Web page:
ready to greet you."

So the little prince tamed the fox

"Go look again at the roses," said the fox. "You will understand now that
yours is unique in all the world. Then come back and say goodbye to me,
and I shall make you a present of a secret."

The little prince went away, to look again at the roses.

"You are not at all like my rose," he said. "As yet you are nothing. No
one has tamed you, and you have tamed no one"

And the roses were very much embarrassed.

"You are beautiful, but you are empty," the little prince continued. "One
could not die for you. To be sure, an ordinary passerby would think that
my rose looks just like you the rose that belongs to me. But in herself
alone she is more important than all the hundreds of you other roses;
because it is she that I have watered; because it is she that I have put
under the glass globe; because it is she that I have sheltered behind the
screen; because it is for her that I have killed the caterpillars (except
the two or three that we saved to become butterflies); because it is she
that I have listened to, when she grumbled, or boasted, or even sometimes
when she said nothing. Because she is my rose."

And he went back to meet the fox.

"Goodbye," he said.

"Goodbye" said the fox. "And now here is my secret: It is only with the
heart that one sees rightly; what is essential is invisible to the eye.

"It is the time you have wasted for your rose that makes your rose so

"Men have forgotten this truth," said the fox. "But you must never forget
it. You become responsible, forever, for what you have tamed. You are
responsible for your rose "

"I am responsible for my rose," the little prince repeated, so that he
would be sure to remember.

The keys to "the taming process" are these:

- Patience; sit a little closer each day; words aren't important, but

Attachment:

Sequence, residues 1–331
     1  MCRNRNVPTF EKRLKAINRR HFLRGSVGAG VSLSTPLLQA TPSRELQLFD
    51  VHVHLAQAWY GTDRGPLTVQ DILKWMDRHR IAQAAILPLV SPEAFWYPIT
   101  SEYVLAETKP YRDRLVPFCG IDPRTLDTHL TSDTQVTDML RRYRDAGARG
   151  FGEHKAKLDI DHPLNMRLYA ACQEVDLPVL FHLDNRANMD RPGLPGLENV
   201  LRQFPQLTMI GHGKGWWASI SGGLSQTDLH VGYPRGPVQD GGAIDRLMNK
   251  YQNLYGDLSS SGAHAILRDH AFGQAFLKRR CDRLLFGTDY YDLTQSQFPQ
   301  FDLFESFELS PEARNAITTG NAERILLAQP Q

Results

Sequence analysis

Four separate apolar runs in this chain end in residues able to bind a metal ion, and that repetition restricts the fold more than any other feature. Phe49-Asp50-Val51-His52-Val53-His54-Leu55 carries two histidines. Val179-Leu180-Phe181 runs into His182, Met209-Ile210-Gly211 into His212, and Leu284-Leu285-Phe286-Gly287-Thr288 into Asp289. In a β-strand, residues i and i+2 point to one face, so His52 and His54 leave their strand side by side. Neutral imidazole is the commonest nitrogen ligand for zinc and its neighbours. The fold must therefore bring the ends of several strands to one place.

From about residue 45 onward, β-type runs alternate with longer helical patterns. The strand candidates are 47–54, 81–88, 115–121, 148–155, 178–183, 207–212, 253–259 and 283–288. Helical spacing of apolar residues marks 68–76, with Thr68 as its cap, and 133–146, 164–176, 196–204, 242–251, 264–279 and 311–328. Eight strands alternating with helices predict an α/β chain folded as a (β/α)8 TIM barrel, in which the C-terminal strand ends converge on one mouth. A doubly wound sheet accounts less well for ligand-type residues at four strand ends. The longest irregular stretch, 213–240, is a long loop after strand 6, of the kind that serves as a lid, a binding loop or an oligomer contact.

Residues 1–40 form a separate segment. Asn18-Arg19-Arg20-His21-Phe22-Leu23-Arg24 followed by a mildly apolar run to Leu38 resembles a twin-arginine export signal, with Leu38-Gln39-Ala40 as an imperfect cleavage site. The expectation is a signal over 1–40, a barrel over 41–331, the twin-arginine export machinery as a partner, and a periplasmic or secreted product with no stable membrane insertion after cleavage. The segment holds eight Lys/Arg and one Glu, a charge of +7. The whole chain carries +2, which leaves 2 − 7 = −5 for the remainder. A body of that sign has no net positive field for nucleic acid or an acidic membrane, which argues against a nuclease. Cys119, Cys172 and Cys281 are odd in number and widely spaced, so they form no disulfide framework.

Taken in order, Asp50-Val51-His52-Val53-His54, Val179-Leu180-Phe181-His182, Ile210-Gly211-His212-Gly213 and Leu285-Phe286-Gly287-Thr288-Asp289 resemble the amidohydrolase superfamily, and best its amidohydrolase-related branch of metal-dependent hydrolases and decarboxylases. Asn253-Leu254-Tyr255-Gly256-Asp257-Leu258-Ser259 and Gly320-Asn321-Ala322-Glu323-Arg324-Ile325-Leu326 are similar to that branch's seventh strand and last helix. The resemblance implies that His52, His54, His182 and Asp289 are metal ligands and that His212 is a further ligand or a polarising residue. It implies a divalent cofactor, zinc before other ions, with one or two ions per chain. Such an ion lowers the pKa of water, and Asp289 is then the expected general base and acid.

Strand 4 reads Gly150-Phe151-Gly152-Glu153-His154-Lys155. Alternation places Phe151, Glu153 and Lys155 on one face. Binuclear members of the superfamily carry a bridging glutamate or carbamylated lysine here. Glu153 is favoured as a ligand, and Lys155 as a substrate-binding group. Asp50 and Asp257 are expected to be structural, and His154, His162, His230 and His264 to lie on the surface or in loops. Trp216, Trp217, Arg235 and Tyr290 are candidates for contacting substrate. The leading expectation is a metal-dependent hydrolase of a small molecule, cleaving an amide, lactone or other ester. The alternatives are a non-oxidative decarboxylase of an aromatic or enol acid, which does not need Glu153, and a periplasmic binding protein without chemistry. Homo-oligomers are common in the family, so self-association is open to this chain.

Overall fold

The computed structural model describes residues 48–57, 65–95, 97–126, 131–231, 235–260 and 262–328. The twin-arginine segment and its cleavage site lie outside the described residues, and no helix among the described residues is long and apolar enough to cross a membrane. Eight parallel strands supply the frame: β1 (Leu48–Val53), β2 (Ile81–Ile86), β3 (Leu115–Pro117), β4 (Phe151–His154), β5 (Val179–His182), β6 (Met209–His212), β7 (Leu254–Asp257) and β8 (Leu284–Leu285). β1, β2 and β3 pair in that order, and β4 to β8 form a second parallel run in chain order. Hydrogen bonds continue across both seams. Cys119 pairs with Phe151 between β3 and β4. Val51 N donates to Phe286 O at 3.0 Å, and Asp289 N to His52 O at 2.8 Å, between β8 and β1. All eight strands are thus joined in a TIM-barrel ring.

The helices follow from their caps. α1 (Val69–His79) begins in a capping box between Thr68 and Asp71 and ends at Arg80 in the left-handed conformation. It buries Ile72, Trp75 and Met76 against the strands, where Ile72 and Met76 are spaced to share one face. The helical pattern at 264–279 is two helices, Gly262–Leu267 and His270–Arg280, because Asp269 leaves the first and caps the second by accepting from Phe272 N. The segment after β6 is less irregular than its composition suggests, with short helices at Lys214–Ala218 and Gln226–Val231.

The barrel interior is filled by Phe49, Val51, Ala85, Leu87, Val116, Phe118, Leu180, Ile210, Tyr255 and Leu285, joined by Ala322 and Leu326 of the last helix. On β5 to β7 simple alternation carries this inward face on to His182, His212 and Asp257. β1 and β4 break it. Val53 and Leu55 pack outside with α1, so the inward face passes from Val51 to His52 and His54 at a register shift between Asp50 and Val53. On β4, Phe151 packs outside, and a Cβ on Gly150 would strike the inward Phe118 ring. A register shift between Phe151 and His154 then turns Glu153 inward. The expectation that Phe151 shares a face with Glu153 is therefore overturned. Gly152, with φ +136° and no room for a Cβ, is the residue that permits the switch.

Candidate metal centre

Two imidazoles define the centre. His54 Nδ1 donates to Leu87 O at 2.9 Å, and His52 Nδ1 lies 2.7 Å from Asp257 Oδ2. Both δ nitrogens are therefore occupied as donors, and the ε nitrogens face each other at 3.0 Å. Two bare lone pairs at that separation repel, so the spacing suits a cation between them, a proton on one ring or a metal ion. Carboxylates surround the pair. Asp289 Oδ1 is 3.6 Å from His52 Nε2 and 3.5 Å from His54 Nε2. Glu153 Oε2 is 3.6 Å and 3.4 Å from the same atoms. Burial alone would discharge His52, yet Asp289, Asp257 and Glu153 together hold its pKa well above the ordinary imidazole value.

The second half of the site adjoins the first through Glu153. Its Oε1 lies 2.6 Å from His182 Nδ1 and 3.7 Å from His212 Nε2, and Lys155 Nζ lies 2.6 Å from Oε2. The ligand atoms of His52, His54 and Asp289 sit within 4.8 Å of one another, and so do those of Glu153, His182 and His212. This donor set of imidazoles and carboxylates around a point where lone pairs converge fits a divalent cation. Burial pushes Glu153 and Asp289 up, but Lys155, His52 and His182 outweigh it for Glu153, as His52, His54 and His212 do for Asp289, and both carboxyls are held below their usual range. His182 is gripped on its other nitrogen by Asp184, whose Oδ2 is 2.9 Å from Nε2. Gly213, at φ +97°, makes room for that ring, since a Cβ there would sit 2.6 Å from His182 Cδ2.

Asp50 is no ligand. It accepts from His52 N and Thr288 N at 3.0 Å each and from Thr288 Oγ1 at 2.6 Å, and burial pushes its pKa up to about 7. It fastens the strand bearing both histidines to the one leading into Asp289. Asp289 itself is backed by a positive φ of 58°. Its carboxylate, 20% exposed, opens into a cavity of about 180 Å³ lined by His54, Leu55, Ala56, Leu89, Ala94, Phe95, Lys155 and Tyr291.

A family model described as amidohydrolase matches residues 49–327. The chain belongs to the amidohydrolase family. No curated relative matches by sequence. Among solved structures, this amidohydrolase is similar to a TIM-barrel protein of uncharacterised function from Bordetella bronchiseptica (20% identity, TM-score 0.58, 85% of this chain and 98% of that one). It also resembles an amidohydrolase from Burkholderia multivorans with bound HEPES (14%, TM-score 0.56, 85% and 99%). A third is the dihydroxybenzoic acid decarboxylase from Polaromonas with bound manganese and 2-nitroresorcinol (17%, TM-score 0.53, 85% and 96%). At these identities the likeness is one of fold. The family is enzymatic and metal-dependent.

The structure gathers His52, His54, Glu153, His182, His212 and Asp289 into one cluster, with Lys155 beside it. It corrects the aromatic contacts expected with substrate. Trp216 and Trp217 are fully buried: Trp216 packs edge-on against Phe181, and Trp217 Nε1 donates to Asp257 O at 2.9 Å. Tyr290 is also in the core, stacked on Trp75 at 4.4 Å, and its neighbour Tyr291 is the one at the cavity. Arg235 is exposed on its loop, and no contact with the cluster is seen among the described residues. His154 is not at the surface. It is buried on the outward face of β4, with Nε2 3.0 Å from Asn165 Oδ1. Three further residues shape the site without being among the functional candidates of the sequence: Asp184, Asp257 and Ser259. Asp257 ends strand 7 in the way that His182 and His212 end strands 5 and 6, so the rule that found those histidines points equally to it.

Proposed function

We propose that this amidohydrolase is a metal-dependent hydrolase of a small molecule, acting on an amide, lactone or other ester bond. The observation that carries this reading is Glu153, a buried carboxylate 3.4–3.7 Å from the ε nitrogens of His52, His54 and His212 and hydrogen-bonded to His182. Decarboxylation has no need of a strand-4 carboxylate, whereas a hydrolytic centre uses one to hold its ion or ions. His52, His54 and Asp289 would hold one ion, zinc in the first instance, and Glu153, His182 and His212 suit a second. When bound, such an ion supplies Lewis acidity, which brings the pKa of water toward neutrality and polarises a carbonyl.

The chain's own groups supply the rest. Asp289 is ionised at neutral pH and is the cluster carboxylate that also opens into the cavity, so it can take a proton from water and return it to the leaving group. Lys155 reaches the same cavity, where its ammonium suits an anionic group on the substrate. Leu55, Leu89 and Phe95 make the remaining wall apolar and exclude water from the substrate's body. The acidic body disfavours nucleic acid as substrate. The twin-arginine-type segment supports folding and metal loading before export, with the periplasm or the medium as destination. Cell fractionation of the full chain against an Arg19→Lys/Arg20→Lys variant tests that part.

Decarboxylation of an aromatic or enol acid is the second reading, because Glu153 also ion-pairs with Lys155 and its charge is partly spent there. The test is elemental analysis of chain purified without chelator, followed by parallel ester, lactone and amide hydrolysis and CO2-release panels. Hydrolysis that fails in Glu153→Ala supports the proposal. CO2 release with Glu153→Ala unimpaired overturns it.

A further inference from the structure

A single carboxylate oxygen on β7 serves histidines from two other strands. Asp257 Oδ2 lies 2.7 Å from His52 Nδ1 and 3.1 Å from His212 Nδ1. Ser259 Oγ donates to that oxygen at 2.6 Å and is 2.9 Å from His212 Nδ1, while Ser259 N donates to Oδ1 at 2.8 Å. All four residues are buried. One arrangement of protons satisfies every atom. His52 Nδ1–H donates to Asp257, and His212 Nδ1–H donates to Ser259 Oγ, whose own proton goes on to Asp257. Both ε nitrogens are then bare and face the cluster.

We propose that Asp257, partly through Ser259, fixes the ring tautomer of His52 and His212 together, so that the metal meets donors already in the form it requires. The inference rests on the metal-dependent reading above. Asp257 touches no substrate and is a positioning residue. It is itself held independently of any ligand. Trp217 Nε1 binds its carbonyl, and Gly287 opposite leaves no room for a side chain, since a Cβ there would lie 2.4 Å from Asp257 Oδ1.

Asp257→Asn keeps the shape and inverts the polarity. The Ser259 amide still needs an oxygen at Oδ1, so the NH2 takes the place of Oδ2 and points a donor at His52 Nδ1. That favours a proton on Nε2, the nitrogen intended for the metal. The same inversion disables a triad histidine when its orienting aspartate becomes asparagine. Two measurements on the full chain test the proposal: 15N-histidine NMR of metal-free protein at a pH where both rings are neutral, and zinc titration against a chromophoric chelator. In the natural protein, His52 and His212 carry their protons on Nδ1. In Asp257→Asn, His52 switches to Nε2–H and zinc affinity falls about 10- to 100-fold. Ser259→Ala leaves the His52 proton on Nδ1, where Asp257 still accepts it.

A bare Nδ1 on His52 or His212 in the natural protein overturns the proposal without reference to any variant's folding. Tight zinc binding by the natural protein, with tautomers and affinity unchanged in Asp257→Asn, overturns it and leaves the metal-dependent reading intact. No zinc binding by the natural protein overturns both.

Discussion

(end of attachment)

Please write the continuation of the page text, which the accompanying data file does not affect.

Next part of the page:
actions are.
- Dependability and predictability; routines become meaningful rituals.
- Spend time together, even if you think the time is "wasted."
- Take care of your rose; protect it; nurture it; it's your
responsibility, forever.
- We can't tame all the roses, all the foxes. We must choose the very
few that we're willing to commit to.

All this has a lovely romance about it when we're talking about people
taming foxes and roses. But what about the taming of equals, specifically
customer-supplier relationships? Who is taming whom? The answer, of
course, especially in this interrelated world where "value webs" are
replacing "value chains," is that true taming is symbiotic; both build
strong ties to each other. One of the organizations starts the taming
process, but both must invest in it.

Exactly what those investments should be are beyond the scope of this
jottings. For some ideas, books by Don Peppers and Martha Rogers, by Joe
Pines, and by Karl Albrecht are good places to start.

What foxes, what roses have you tamed? Better yet, what systems have you
tamed? Or even better, what systems, what marketing programs, what
business models have you built to tame your customers?

That last question sounds almost manipulative. Is taming a manipulative
action? Is "manipulative" a bad word? Have you read Dale Carnegie's How
to Win Friends and Influence People? It's been in continuous print since
the 1930's because its prescriptions are effective. But many people scorn
its advice because they think it's dishonest.

And here's an even harder question, "Whom have we allowed to tame us?"
Taming sounds neat when we are the "tamer," but how does it feel to be the
"tamee"? Do we dare tame others if we are not willing to be tamed as